Christie: ‘I’m tired of hearing about the minimum wage’
Speaking in front of a Washington, D.C., audience on Tuesday, New Jersey's Republican governor criticized President Barack Obama for his recent attention to the issue, which has become a major focus in many midterm election campaigns.
"I gotta tell you the truth, I'm tired of hearing about the minimum wage. I really am," Christie said during a keynote address at the U.S. Chamber Institute for Legal Reform's annual legal reform summit, according to video of the remarks posted online by the left-leaning American Bridge 21st Century PAC.
"I don't think there's a mother or a father sitting around a kitchen table tonight in America who are saying `You know honey, if our son or daughter could just make a higher minimum wage, my God, all our dreams would be realized,"' he added. "Is that what parents aspire to for their children? They aspire to a greater, growing America where their children have the ability to make much more money and have much greater success than they've had. And that's not about a higher minimum wage, everybody."
Christie's comments sparked criticism on social media and from the Democratic National Committee, which mocked the Republican governor in an email that focused on his $175,000 annual salary. Christie vetoed legislation in 2013 that would have upped New Jersey's minimum wage, but voters approved a constitutional amendment later that year.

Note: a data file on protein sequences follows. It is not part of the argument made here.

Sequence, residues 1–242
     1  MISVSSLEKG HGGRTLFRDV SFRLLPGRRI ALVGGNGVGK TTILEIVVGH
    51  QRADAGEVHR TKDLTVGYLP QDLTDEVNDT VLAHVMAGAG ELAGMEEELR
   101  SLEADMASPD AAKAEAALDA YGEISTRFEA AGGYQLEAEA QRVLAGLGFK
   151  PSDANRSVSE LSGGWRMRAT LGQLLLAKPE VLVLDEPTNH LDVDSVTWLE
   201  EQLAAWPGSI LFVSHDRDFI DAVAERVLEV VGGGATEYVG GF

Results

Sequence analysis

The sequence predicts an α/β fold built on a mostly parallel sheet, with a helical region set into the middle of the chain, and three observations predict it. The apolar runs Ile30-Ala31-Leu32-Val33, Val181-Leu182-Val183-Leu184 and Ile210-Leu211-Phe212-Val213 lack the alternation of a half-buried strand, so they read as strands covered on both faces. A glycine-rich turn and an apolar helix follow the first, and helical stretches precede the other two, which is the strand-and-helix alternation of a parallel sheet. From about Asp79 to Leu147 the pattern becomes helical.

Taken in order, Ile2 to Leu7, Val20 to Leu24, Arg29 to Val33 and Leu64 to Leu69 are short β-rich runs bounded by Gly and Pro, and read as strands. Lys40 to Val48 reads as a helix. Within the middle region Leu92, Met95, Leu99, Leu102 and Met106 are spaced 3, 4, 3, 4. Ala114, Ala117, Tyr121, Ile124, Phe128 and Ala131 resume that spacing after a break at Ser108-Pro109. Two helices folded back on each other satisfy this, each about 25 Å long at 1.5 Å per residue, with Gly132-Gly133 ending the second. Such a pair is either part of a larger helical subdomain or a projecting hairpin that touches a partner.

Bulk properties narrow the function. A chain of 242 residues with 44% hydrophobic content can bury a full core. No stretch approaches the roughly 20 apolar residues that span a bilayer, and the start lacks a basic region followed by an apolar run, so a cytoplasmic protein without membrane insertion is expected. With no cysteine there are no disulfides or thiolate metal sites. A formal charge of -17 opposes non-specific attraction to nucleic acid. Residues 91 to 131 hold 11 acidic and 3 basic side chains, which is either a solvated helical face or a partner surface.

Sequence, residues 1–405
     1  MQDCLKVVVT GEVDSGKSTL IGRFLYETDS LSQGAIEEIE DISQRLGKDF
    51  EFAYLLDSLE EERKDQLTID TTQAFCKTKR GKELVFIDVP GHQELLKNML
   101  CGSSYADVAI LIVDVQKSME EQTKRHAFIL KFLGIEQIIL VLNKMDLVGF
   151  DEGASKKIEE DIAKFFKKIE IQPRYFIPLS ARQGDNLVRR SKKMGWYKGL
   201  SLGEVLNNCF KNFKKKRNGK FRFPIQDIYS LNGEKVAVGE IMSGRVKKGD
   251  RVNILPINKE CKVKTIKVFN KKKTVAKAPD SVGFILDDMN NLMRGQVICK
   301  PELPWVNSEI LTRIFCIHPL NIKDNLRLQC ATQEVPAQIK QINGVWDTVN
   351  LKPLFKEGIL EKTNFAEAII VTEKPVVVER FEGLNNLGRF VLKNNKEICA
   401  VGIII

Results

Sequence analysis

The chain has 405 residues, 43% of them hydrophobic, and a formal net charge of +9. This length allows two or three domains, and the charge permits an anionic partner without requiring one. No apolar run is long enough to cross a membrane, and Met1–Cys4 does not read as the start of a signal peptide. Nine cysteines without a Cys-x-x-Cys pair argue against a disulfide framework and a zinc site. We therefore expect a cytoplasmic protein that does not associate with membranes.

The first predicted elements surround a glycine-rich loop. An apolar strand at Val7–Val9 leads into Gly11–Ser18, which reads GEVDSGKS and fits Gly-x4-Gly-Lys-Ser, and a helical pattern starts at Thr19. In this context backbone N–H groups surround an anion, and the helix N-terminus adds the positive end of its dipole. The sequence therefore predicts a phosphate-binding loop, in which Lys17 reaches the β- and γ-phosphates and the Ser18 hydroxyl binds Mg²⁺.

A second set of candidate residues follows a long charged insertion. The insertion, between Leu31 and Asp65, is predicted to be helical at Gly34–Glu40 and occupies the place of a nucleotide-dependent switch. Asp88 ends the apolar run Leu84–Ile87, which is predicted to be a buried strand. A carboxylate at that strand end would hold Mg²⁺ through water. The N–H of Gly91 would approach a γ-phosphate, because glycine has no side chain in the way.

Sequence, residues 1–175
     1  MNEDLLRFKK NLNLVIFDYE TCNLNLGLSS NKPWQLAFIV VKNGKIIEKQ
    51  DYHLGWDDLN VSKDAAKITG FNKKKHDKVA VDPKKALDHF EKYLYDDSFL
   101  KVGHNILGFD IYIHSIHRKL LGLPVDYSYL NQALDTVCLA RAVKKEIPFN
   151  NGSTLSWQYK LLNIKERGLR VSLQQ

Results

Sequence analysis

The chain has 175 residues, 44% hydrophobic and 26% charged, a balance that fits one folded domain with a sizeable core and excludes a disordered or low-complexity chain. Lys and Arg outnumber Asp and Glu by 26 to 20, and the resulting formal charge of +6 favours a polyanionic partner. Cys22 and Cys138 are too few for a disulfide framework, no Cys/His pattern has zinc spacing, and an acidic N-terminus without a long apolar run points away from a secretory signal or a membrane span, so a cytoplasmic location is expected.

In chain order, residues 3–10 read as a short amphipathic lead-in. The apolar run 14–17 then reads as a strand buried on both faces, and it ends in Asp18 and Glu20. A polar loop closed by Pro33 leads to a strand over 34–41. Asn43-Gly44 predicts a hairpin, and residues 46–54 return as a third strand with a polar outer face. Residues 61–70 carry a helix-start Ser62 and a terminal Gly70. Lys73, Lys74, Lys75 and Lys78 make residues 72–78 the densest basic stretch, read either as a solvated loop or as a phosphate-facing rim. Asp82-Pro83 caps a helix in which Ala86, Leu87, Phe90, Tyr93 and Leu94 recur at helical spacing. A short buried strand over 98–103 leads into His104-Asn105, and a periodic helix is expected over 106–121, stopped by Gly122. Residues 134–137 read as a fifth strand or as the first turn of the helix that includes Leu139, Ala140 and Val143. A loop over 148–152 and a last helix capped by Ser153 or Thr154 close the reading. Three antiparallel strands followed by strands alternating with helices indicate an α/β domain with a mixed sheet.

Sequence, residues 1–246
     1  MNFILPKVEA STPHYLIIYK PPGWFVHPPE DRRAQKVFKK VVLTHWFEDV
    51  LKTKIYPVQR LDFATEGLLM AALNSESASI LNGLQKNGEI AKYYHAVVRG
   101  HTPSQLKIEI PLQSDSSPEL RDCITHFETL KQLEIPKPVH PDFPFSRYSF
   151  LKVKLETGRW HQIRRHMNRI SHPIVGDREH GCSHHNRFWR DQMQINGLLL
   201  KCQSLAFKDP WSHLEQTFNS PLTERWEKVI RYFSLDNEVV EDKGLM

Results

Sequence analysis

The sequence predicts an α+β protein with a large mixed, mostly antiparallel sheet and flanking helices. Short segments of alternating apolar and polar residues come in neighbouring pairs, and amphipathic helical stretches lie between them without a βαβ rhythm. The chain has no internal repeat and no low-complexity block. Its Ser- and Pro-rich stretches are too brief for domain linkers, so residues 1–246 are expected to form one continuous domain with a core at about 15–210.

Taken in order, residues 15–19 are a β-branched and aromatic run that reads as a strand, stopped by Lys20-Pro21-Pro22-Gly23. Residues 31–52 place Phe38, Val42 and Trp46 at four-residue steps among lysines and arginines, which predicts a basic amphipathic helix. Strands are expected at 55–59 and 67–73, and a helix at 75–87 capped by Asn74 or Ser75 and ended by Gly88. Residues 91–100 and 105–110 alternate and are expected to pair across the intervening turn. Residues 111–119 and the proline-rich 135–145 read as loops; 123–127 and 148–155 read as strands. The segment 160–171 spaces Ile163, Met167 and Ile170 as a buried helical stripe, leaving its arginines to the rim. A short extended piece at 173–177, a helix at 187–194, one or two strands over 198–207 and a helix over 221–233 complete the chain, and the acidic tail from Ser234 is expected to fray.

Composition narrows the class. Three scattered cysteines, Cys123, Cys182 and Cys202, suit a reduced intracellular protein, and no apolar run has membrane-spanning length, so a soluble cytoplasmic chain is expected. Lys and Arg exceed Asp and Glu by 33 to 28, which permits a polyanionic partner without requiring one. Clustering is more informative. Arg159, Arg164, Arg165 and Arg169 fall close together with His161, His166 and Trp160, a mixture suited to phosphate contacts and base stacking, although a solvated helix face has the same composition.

In his speech, Christie, a potential presidential candidate who has been campaigning across the country in his role as chair of the Republican Governors Association, also touted the benefits of electing Republican governors -- including helping to pave the way for a GOP presidential victor in 2016.
"(W)hat would you rather have if you're a Republican candidate and the nominee for president?" he asked, before running through a list of Republican and Democratic candidates. "Fact is if you're just a pragmatist and you don't really care about what happens in the states, you're going to care about who's running those states in November of 2016, what kind of political apparatus they set up and what kind of governmental apparatus they set up to ensure a full and fair election in 2016."
He also chided lawmakers for complaining about gridlock, insisting, "No more excuses for not getting things done."
Christie also had stops scheduled in Maryland, Illinois and Michigan.
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